Friday, August 19, 2016

Digest for - 2 updates in 2 topics

"Björn Lundin" <>: Aug 19 10:30AM +0200

On 2016-08-18 23:53, Mark Brader wrote:
> forth on an open flat-car while other musicians stood beside
> the tracks. Either tell whose "effect" was confirmed, or
> describe it.
This _sounds_ like the Doppler effect :-)
> but there was no easy way to prove it until Léon Foucault's
> ["foo-KOH's"] simple experiment in 1851 in Paris. How did he
> use a large pendulum to provide this proof?
It swings back and forth, but the floor (thus the earth) rotates
so it appears that the pendulum moves its swinging direction.
As if the swing followed the hour indicator in a clock.
> the Leaning Tower of Pisa and dropped two balls to the ground.
> Whether he did it or not, what would this demonstration have
> proved?
That all objects fall with the same speed.
Weight has nothing to do with it.
> around its center, and he measured how much. Either name the
> specific thing that he was trying to find out, or give the
> picturesque three-word title he gave to his experiment.
The gravitational constant
> never happens in Alexandria. Based on the distance between
> the two places and some measurements he could make himself,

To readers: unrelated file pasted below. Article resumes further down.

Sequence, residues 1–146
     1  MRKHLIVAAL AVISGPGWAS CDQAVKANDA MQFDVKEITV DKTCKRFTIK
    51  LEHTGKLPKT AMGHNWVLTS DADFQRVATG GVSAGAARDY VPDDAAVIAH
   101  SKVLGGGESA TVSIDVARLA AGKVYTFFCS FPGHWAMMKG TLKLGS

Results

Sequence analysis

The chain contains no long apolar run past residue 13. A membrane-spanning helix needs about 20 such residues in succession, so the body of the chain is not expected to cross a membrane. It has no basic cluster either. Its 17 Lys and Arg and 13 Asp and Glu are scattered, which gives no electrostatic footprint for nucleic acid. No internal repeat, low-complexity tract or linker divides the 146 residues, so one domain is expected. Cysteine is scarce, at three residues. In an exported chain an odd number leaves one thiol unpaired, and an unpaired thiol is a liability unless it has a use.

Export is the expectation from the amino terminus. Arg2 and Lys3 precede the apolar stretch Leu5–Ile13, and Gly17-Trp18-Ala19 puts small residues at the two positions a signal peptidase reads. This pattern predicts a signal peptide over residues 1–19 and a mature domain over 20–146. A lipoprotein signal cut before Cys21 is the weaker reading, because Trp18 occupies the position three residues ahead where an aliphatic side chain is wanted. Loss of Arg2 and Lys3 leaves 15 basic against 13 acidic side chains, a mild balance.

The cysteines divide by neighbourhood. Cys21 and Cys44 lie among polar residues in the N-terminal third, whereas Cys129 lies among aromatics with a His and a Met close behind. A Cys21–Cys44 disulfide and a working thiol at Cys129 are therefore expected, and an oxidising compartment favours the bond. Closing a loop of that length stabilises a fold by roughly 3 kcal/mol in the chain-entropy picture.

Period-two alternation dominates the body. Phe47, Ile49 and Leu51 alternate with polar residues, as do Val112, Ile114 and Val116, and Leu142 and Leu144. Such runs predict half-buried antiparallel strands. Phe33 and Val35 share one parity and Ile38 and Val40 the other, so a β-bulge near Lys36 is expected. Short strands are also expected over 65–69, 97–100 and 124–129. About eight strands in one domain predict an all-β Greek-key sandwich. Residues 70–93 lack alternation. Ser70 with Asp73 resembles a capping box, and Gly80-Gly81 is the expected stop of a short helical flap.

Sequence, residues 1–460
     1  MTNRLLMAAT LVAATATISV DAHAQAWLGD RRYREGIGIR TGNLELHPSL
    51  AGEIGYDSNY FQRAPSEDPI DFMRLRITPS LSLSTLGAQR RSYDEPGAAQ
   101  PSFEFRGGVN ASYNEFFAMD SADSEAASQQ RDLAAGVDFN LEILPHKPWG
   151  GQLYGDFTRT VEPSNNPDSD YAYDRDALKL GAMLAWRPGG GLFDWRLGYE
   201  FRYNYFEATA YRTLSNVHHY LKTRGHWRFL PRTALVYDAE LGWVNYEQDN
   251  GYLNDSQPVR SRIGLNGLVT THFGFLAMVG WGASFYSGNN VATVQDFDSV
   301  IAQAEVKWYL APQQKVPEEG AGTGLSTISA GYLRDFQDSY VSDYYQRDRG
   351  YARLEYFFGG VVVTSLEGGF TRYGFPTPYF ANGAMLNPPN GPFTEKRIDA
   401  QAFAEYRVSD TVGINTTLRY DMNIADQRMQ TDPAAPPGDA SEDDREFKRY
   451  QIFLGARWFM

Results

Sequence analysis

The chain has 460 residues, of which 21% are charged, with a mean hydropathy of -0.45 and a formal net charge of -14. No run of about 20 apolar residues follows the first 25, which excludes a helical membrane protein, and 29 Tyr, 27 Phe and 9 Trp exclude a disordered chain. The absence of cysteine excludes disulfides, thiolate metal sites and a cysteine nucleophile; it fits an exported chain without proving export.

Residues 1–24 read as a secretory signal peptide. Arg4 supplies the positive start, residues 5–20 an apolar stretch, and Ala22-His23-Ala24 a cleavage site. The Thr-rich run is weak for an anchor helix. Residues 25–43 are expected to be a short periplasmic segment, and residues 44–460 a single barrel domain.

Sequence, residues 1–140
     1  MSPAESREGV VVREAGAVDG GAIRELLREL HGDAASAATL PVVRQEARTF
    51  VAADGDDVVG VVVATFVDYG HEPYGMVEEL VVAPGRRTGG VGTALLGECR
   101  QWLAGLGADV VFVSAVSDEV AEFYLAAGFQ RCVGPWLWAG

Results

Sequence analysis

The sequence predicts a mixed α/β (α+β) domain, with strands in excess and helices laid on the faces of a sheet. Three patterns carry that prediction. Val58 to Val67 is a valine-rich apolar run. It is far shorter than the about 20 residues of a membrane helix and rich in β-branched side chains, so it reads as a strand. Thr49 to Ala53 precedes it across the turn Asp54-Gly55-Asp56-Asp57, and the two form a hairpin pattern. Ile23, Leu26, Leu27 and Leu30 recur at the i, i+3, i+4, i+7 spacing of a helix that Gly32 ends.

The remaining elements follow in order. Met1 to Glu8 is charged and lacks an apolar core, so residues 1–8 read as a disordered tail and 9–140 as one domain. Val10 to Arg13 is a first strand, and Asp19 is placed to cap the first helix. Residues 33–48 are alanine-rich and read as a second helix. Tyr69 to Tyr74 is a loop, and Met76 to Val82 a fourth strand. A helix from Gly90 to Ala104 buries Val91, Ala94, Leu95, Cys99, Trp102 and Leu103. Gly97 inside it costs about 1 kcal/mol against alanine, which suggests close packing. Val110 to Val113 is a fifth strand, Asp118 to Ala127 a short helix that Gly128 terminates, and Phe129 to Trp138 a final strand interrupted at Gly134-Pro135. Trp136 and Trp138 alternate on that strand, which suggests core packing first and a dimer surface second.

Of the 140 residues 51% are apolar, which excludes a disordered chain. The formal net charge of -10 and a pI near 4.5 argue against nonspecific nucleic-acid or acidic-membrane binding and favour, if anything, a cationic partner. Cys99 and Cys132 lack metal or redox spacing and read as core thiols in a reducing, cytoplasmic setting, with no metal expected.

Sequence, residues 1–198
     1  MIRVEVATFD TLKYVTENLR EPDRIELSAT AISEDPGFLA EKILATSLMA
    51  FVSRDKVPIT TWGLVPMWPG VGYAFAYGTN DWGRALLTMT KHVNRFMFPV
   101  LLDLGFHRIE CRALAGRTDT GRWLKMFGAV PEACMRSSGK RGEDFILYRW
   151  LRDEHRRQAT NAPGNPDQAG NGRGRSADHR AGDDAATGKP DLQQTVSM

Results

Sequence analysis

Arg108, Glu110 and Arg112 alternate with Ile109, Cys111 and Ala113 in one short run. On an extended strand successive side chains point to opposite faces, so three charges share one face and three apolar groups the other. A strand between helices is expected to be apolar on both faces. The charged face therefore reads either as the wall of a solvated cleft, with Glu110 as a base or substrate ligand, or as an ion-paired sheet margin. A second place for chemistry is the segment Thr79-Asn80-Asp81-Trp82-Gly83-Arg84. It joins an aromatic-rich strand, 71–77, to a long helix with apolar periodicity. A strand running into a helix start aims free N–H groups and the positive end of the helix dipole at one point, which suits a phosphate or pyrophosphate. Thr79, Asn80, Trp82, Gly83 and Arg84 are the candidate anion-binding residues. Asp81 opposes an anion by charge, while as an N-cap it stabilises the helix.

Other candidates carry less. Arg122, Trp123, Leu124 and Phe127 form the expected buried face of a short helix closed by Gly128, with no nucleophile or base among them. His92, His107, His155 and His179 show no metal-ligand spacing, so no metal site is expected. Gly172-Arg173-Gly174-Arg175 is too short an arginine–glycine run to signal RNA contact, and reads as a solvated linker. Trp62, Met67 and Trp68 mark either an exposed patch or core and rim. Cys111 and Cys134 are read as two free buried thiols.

> what did he calculate?
The circumference of the Earth
> hemisphere, they did not have the strength to pull them apart;
> but then he operated a control and the hemispheres fell apart
> on their own. What had kept them together?
> were measuring how learning was affected by punishment, using
> a graded sequence of increasingly powerful electric shocks.
> What was Milgram actually trying to measure?
How people may hurt others in the name of science?
> The other is a man, a crooner who lived 1912-2001. His last
> #1 song was in 1958, the year the Grammy awards started, and
> it did win one.
Kate Perry ?
Dan Tilque <>: Aug 13 07:54PM -0700

swp wrote:
> barring mistakes on my part, the winner is ... Dan Tilque!!
Thank you. I've been thinking about it but the idea I have for a theme
may not work very well. I'll have to think some more.
> 1. in England on March 17, 1845, who patented the rubber band?
> stephen perry
> the first question was not meant to be a stumper.
The only way anyone would get this question is if they answered, as some
occasionally do in Mark's quizzes, with the quiz master's name in the
expectation that it's wrong. That sounds like a stumper to me.
Dan Tilque
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